It examines the main actors and forces shaping global environmental management, particularly in the developing world. Moving beyond the usual academic emphasis on international agreements and institutions, it strives to integrate debates within the real world of global policy and the academic world of theory. The book maps out an original typology of four contrasting worldviews of environmental change - those of market liberals, institutionalists, bioenvironmentalists, and social greens - and uses these as a framework to examine the links between the global political economy and ecological change. This typology not only helps students understand and participate in debates about these worldviews but also provides a common language for students and instructors to discuss the issues across the social sciences. The book covers globalization and its consequences for the environment; the evolution of global discourse and global environmental governance; wealth, poverty, and consumption; the impact on the environment of global trade and trade agreements; transnational corporations and differential environmental standards; and the environmental effects of international financing, including multilateral lending and aid and bilateral and private finance. Brief, illustrative case studies appear throughout the text.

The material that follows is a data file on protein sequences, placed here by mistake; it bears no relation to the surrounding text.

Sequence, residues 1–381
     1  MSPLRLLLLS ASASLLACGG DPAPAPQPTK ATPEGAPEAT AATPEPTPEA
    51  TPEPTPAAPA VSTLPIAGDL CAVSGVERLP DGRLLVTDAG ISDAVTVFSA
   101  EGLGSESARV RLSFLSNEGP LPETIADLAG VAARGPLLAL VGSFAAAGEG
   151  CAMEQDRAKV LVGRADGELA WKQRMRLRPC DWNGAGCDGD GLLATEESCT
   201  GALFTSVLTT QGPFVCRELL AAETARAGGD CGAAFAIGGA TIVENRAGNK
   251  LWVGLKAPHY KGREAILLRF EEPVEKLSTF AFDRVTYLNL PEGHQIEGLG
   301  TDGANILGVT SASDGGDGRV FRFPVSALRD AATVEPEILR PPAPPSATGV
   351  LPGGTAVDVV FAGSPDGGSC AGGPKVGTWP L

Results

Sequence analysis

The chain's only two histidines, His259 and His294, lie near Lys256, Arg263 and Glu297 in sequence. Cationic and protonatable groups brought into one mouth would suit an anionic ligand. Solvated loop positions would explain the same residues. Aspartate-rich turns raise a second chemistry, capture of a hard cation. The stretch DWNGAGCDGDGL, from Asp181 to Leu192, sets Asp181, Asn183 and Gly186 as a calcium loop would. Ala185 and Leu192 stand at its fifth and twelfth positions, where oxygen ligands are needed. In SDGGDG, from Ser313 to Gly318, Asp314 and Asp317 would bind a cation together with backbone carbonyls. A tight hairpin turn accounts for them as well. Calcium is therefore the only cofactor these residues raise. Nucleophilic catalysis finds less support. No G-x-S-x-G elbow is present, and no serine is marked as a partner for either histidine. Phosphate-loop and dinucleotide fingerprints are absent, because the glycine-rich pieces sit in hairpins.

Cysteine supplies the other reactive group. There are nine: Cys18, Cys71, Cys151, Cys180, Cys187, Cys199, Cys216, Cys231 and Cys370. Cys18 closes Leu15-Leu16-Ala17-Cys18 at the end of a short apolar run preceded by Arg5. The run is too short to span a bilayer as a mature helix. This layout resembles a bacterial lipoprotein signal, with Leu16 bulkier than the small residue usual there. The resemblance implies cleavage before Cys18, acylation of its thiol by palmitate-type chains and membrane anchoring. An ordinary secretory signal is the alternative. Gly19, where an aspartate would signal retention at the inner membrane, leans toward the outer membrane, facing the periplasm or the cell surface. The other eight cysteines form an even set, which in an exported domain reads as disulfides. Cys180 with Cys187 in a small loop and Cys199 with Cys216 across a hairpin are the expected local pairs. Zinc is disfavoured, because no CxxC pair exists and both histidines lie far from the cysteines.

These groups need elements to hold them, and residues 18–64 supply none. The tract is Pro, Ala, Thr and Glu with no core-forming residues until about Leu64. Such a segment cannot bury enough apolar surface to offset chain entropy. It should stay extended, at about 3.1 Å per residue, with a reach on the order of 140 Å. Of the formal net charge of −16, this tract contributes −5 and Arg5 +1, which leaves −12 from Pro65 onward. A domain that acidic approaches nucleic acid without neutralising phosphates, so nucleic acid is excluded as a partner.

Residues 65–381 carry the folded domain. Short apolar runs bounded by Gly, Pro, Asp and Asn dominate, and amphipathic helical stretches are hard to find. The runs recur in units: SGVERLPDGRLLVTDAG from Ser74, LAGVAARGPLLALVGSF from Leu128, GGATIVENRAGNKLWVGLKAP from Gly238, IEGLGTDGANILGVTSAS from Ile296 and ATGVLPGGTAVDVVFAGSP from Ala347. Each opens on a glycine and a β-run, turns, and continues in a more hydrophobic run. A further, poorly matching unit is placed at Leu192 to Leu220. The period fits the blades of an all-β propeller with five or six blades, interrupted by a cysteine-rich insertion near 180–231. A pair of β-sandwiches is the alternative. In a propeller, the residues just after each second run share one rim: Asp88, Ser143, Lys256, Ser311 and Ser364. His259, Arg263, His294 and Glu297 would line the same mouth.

Review: ""Paths to a Green World" provides the most theoretically sophisticated and sustained study to date on the relationship between economic globalization and environmental well-being. Rather than write a diatribe, Clapp and Dauvergne present conflicting views on this relationship and, in doing so, call on each of us to appreciate the diversity of environmental thought and probe our own understandings to work humbly yet urgently for a more sustainable global future." --Paul Wapner, School of International Service, American University